Kevinism is certainly giving Labor a big boost, but the basis for it was there for nearly all of last year.

  10. Gee you lot are excitable. The bookies still average the Coalition at shorter odds. Every election is the same these days. Labor holding massive leads 8 months out…

  11. Can anyone out there explain the discrepancy in Green vote (about 5% in Newspoll over several surveys) and 9% (in AC Nielsen)?

    Reasoned explanations please not Green breastbeating!

  12. Hugo,

    I agree with you on the IR laws. I can’t bring myself to call them WorkChoices because the employee has no choice. As a committed unionist, I do not understand how any government could put in laws that undo a century of progress, but that is what the Howard government has done. Everyone is potentially a victim of these laws, and they are so transparently a transfer of power from the employee to the employer that no insight is required to see the damage they will cause to Australian families. You may have a well-paid managerial position at the moment, but your daughter’s part-time job suddenly involves a pay cut when she is told to sign an AWA or have no more shifts. Word-of-mouth will spread these stories, and if Labor is resolute, rather than attempting to accommodate the bleating of The Australian, it is on a winner.

    The Brian Burke dinner was never going to make a dent on Kevin Rudd, though the eviction story might. People do not expect perfection from politicians. They well know they aren’t perfect themselves.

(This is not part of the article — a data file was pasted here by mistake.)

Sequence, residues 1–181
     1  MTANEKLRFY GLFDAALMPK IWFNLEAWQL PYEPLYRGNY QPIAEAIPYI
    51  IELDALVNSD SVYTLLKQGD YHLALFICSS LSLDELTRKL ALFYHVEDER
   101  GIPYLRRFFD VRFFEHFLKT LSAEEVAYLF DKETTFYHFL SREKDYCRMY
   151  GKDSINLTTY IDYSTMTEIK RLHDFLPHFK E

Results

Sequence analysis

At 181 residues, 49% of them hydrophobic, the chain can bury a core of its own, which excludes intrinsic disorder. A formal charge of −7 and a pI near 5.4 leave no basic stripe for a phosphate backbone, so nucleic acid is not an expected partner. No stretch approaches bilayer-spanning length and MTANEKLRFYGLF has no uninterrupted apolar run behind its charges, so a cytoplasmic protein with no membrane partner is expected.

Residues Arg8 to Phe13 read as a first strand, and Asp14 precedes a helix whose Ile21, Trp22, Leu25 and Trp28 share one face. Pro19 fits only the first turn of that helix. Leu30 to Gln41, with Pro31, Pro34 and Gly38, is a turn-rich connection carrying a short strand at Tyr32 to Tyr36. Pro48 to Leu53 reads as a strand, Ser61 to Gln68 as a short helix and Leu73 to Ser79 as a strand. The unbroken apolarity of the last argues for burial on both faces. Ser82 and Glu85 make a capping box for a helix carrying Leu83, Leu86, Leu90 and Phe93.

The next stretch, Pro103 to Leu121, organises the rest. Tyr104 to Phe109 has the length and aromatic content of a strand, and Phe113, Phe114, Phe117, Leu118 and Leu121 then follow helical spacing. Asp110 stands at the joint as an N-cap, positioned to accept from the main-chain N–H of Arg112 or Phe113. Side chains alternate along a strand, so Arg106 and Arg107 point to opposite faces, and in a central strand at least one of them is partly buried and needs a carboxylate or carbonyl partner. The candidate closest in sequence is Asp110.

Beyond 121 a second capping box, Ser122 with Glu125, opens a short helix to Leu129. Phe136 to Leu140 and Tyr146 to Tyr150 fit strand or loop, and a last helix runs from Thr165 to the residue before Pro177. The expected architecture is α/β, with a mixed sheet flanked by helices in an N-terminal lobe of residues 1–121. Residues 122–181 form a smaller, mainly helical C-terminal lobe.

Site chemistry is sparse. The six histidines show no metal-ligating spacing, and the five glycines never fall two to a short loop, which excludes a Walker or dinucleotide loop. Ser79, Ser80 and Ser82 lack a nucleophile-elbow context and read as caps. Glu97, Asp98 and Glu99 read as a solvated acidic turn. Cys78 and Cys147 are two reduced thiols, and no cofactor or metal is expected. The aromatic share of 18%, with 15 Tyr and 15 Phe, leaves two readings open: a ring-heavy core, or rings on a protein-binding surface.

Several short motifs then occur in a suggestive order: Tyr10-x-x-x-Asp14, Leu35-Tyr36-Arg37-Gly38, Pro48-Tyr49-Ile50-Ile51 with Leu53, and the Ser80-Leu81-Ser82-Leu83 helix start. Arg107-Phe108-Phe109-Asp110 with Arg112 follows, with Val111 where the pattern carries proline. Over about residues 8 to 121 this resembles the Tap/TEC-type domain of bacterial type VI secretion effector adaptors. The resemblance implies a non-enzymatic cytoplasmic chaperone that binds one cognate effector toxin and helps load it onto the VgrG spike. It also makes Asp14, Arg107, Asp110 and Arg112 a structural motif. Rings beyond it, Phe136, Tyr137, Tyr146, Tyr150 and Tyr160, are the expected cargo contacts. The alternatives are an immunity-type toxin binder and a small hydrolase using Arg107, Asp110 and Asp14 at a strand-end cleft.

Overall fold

Labor is in front because of the IR laws. It has gained more support because Kevin Rudd promises change, but change that is safe. At the national conference, he will see off the so-called “left” unions’ economic proposals, he will see the no-new-mines policy dropped and he will add clarity to Labor’s IR, family and education policies. This will all work to his benefit: he will slay the “left” of his own party and credibly promise a better life for the rest of the country.

    It would be foolish to say that Kevinism is unstoppable, but I still think Labor will win and win clearly. I’ll leave the numbers till later. This is not 2001, or 2004, or even 1969. This is 1972, but with the advantage of no Whitlam government at the end of it.

  13. Each of the pollsters seems to have a bias.

    Nielsen tends to have a higher green vote, Newspoll tends to overstate the vote of the incumbent and Morgan tends to overstate the vote of the opposition. I have no idea why. But taken together they tend to cancel each other’s biases out.

  14. I think many of us think that the numbers can’t get better. In fact a number much wiser than me seem to think these numbers are not possible (ever?) in an election. I guess, although they don’t say, this is a form of the ‘honeymoon’ theory which states in an election a number of these voters must move.

    Who would think rusted on conservative voters would number much under 35%? That is if voters move back to Howard in the cut and thrust of an election there could not be much, if any of a countervailing flow.